Old Clothes

Found in a black bag in the loft,

reeking of dashed hopes.

Washed too many times,

to a sadder shade of conviction,

fading towards lethal indifference.

A thrill turned comfort, like slipshod love.

Strange as the faith we lost.

Strange as ourselves in another face,

after a transplant.

Awkward like an embarrassing episode

someone rakes up, from a time which was once

the future of a present that made sense then,

but was spent recklessly on living,

as if that present was

the be all and end all of our lives.

We cannot believe

we used to be such as would wear that.

All those expired selves… If we met them now,

we would try to cross the road,

ignore them, or act a new cool self

as when we run into him or her

after so long, with someone else:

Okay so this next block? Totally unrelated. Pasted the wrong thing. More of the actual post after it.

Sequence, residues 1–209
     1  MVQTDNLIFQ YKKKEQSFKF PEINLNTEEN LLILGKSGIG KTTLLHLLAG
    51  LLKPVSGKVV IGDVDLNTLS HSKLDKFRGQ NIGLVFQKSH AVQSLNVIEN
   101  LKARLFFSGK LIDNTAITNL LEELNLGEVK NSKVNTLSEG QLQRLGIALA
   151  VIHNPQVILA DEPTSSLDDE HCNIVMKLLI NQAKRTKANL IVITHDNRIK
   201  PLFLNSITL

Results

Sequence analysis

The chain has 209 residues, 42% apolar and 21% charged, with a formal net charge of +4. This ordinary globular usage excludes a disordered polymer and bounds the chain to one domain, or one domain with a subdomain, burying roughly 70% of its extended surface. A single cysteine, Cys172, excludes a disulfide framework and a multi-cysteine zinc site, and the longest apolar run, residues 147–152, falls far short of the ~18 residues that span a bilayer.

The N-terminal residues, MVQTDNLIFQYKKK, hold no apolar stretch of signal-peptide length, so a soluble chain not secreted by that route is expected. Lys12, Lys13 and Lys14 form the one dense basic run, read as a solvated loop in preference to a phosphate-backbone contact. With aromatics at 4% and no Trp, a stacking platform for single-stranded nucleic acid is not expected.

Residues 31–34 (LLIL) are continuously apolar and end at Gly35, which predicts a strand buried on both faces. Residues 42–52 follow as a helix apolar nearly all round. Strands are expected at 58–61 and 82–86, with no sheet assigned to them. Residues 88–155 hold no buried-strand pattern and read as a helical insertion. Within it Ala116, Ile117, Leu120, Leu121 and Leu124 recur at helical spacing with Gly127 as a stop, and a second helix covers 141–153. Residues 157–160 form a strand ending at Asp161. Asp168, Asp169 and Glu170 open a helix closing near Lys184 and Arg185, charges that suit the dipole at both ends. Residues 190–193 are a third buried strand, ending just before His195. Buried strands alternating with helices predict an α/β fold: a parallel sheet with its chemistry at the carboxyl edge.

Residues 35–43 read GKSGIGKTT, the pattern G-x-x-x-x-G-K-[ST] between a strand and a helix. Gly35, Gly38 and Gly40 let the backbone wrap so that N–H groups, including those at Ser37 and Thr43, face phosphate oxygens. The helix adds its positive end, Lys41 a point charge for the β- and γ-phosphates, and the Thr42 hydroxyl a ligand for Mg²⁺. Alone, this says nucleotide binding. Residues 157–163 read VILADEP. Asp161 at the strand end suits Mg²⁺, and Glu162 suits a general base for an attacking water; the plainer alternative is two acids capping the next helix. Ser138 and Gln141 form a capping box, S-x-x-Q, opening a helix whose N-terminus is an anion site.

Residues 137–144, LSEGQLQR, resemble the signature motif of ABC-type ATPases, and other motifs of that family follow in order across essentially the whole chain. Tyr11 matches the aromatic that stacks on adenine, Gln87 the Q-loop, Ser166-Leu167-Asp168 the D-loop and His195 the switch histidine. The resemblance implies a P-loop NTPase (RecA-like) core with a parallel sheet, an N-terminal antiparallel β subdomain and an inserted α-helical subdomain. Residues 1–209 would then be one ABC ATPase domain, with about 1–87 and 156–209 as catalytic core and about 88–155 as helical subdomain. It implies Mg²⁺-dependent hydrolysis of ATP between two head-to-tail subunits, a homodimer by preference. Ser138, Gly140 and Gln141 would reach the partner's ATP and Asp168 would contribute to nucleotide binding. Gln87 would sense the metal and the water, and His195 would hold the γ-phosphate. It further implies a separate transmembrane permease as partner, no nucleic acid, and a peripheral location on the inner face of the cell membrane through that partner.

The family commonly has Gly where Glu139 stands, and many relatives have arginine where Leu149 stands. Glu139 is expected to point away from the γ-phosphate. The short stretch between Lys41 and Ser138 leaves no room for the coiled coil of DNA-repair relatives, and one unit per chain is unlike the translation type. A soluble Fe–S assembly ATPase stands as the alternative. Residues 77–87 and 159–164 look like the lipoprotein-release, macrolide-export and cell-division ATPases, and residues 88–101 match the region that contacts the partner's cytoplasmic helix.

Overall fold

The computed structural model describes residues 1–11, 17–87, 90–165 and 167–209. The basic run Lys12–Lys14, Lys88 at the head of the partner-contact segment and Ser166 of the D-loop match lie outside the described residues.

a lot to explain, but not much to say

for what was lived and loved,

and lived through and over,

and over with and forgotten.

Why the keeping then. Why the clinging.

We cannot think

where that whole chunk of history went,

how we turned to exiles, how we

became foreigners to ourselves.

The sleeves are in a dead tongue.

The legs are offensive, absurd clauses

from a screwed, retrograde code of law.

But we slip into them, and they fit,

and we go on breathing.

We stand in them

like half-restored ruins, sites for tourists.

It would be entirely possible to survive like this,

finding a kind of dignity in the lack of it,

finding freedom in renouncing

our own judgement in style,

which is never other than a fad anyway.


Time to return to our riper, updated now,

and to the refilled shells of our current selves,

so we can get on with our forging of more past,

our latest version feeling fully upgraded and evolved,

our taste changing imperceptibly with every breath.


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